YCPB Awards: NL MVP

AND THE NOMINEES ARE…

When you look back on the record it just looks bad, but honestly, the Florida Marlins had a weird year. They got off to a hot start, more or less keeping pace with the Phillies for first place in the NL East. Then, however, they had an absurdly disastrous 5-23 June that took them out of contention, and finished fifth in the division. A large part of the Marlins’ terrible season was Hanley Ramirez‘s performance. Prior to 2011, Ramirez was a shortstop with a career line of .313/.385/.521, a 136 OPS+. That’s great for just about every position, but when you’re a shortstop, it puts you in the conversation for one of the best players in the game. This year, though, his performance inexplicably collapsed; he only hit .243/.333/.379, all career lows by quite a lot. That’s a below league average stat line, and Hanley is a terrible defensive shortstop. That’s okay when he’s hitting well; it becomes a bigger problem when he’s not. The Marlins may have signed several big-name free agents over the 2011-2012 offseason, but Ramirez returning to his career numbers might be the biggest boost of them all.

On the other hand, the Marlins did have an unlikely offensive boon as well. In almost 1000 career PAs, Emilio Bonifacio had a career stat line of .251/.306/.317, which is a 65 OPS+. No matter what position you play, that’s terrible. In 2011, Bonifacio hit .296/.360/.393, which isn’t spectacular, but were all still career highs and good for a 107 OPS+ in this year’s poor offensive environment. He also had a 26-game hitting streak, second longest in Marlins franchise history. This year alone raised Bonifacio’s career OPS over fifteen points.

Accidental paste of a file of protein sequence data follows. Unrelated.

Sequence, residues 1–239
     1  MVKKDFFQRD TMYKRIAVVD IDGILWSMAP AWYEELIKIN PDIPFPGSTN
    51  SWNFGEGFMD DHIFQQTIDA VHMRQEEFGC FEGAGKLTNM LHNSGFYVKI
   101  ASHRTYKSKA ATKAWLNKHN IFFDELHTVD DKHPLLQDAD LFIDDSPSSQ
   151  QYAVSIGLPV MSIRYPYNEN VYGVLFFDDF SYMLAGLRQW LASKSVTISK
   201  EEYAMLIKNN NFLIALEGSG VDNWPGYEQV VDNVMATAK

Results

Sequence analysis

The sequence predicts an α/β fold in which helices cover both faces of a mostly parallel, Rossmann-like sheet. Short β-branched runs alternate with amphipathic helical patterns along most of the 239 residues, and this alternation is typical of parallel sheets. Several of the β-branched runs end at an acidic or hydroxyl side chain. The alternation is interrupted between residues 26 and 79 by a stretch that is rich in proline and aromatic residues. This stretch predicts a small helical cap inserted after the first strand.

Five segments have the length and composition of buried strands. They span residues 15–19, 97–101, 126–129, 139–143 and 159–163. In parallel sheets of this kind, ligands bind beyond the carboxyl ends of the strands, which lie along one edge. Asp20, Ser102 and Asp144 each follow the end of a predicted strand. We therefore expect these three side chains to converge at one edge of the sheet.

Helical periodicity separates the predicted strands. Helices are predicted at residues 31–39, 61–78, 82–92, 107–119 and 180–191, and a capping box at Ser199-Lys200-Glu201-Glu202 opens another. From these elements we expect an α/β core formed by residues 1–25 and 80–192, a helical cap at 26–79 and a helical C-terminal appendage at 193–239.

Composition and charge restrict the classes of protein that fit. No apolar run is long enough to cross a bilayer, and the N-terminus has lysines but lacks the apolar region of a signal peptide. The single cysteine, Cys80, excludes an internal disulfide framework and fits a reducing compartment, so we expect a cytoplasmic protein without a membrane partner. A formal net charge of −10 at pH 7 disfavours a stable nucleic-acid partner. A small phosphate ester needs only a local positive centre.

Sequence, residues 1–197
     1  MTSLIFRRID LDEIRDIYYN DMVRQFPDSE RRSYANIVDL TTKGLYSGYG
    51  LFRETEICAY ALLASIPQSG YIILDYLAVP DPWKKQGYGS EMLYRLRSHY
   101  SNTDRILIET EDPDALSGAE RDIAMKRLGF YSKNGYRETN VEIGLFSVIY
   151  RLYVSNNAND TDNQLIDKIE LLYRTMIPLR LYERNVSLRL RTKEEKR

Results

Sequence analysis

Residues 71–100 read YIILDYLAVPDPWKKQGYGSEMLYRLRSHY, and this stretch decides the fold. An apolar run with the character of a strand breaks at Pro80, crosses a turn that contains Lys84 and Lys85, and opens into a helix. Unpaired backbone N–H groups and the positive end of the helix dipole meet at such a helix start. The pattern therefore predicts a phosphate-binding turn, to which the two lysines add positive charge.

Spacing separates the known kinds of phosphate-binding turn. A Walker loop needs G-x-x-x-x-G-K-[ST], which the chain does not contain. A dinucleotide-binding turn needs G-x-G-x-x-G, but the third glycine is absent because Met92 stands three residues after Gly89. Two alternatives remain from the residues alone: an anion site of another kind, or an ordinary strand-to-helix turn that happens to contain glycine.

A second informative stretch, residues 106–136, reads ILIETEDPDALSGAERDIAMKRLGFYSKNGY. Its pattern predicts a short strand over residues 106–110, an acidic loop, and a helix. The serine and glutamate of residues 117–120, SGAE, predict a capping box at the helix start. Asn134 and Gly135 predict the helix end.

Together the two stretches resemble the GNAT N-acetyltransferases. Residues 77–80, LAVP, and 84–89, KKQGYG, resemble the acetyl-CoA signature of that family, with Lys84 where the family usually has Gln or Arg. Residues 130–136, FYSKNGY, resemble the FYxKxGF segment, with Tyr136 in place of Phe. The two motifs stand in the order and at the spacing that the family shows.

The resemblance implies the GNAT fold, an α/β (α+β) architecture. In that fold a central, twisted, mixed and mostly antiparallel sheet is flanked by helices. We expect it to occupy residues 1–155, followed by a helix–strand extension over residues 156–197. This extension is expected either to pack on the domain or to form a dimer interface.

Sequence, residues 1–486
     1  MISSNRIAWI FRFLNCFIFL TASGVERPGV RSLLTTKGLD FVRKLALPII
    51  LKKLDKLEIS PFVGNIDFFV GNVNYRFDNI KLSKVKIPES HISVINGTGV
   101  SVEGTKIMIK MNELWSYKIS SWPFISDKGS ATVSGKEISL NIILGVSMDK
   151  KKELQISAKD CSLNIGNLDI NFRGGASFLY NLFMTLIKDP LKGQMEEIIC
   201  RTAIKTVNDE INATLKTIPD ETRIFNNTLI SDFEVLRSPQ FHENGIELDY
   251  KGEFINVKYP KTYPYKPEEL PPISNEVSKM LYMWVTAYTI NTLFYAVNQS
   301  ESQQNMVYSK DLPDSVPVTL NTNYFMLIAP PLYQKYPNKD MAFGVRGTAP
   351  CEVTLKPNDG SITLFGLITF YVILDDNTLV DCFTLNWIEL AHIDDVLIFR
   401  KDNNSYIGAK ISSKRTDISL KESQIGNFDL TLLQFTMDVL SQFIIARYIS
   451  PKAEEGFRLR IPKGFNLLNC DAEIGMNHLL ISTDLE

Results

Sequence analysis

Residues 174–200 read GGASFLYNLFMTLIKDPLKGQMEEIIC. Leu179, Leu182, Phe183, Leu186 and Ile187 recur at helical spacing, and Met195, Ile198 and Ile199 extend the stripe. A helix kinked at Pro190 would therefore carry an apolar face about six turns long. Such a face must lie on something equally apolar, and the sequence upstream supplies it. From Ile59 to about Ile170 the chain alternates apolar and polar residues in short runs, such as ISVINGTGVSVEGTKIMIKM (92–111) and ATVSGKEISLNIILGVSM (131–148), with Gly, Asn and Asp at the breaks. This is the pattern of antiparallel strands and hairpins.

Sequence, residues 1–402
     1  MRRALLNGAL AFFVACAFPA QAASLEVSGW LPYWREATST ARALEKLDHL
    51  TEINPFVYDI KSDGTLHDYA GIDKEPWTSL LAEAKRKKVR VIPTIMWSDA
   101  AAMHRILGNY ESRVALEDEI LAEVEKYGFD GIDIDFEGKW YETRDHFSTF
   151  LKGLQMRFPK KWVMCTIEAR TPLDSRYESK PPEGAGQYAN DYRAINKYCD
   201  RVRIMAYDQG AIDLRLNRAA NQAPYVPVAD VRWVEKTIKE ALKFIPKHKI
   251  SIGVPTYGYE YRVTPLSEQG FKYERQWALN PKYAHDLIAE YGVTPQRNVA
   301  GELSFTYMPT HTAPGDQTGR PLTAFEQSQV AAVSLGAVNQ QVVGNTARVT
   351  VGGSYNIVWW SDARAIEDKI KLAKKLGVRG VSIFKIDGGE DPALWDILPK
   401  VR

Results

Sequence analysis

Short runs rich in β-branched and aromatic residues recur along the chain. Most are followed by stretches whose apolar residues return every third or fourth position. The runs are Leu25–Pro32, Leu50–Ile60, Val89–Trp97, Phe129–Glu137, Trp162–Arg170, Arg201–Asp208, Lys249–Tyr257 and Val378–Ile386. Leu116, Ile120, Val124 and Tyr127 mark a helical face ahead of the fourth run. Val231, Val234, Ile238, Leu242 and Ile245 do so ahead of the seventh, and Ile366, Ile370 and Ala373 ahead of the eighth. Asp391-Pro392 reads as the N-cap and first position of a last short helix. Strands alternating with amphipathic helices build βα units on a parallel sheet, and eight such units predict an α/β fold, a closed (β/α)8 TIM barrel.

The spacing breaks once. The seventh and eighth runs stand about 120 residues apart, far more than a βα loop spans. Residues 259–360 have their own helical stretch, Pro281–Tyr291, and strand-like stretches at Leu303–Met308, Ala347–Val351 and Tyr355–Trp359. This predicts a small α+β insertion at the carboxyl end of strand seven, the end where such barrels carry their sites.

Aubrey Huff, who’d spent most of his career on awful teams like the Devil Rays and Orioles, played a major part in San Francisco’s championship season of 2010. He signed another contract with the Giants soon after that season ended, but his 2011 did not go nearly as well. He hit only .246/.306/.370, which isn’t great for anyone, but is downright terrible for a poor-fielding first baseman. Since 2008 Huff seems to be alternating good years and awful years, so maybe the Giants will get another solid season out of Huff in 2012, but for now, his rapid decline from World Series hero to goat gives him a nomination here. Just for kicks, let’s look at his Fangraphs WAR over the past three years: -1.5, 5.8, -0.9.

AND THE WINNER IS…

Before the 2011 season began, the Marlins traded second baseman Dan Uggla to the Braves, but apparently not before rubbing off some of the general weirdness of their 2011 on him. Uggla was a great offensive second baseman; he’d hit at least 30 home runs every year since and including 2007. He actually set a career high for home runs in 2011, with 36, but the rest of his year was very odd. His final stat line, .233/.311/.453, is below his career numbers but not horrible, but how he arrived at that stat line is odd, so to speak. As late as June 9, Uggla’s OPS was a paltry .539, thanks to a .170/.235/.304 line. From that point on, however, he hit .273/.356/.546, complete with a thirty-three game hitting streak that was the longest in the majors since 2006. Uggla’s final numbers might not look that odd, but he never stopped providing YCPB entertainment throughout the year. Just look at those month-by-month stats! Yowza. Congrats, Dan.

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